How are thumb deformities in rheumatoid arthritis (RA) treated?

Updated: Jan 11, 2019
  • Author: Michael Neumeister, MD, FRCSC, FACS; Chief Editor: Joseph A Molnar, MD, PhD, FACS  more...
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Answer

Answer

The treatment of these specific deformities depends on the severity of disease in each involved joint. Fixed joint deformities with bony destruction are usually more amenable to fusion than arthroplasty. However, in general, in an attempt to preserve motion, fusion of 2 joints in tandem is considered the last-stage effort. IP joint fusion is tolerated extremely well and maintains function. The IP joint should be fused at 0-20° of flexion. MP joint arthroplasty is recommended at the CMC joint or IP joint about to be fused. This preserves the motion of the thumb for prehensile tasks. Pathology isolated to one joint, such as in a type 4 deformity, can be surgically treated with an arthroplasty or volar plate advancement. A type 6 deformity requires fusion to regain stability. Bone grafts may be required to restore adequate bone stock.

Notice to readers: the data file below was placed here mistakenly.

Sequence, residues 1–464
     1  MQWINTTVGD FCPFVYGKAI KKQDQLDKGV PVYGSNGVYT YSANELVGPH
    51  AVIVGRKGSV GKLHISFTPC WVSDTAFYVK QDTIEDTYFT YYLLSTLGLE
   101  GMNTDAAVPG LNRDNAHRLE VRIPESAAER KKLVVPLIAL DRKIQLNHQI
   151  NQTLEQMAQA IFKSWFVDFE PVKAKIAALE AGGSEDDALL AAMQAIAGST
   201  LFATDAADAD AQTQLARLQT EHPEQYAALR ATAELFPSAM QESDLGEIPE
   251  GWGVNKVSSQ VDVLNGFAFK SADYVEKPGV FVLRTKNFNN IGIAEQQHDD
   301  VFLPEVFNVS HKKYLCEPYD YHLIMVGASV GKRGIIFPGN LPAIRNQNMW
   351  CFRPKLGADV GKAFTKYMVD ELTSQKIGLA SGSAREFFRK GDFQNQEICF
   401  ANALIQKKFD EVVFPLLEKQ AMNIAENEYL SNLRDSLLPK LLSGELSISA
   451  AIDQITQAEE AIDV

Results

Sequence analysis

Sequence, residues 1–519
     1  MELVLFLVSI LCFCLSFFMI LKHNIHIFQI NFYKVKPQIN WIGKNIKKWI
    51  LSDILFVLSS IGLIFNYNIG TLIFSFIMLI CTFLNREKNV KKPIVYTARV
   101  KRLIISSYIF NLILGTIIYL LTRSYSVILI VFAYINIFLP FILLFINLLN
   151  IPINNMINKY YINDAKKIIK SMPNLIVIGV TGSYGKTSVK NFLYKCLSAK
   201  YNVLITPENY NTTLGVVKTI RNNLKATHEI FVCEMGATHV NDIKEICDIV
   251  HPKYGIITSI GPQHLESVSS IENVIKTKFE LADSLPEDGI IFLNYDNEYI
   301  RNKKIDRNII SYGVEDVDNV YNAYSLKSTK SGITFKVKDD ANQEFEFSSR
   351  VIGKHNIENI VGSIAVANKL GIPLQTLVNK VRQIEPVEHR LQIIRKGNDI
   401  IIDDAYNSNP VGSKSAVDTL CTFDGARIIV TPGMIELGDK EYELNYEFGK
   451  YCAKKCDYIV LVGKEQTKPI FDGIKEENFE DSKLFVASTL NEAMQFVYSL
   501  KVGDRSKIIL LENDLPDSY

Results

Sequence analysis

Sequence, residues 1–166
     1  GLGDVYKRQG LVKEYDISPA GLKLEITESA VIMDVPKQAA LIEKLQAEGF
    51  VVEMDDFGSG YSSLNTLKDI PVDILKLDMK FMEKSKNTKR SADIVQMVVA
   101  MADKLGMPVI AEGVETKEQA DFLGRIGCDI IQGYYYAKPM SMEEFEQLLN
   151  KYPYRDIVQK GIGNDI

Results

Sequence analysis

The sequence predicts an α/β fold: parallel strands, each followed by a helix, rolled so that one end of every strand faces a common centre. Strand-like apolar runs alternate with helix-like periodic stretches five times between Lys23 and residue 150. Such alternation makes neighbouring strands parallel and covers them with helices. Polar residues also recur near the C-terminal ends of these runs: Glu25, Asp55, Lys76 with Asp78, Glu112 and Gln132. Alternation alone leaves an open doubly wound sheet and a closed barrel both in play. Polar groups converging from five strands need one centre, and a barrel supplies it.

CMC joint arthroplasties are a good option for significant deformities of the thumb if the disease initiated at the CMC joint (ie, type 3 deformities). Ligament reconstruction with tendon interposition offers a stable joint with preservation of motion. Occasionally, fusion of the CMC joint may be required if significant bone destruction is present with poor residual bone stock.


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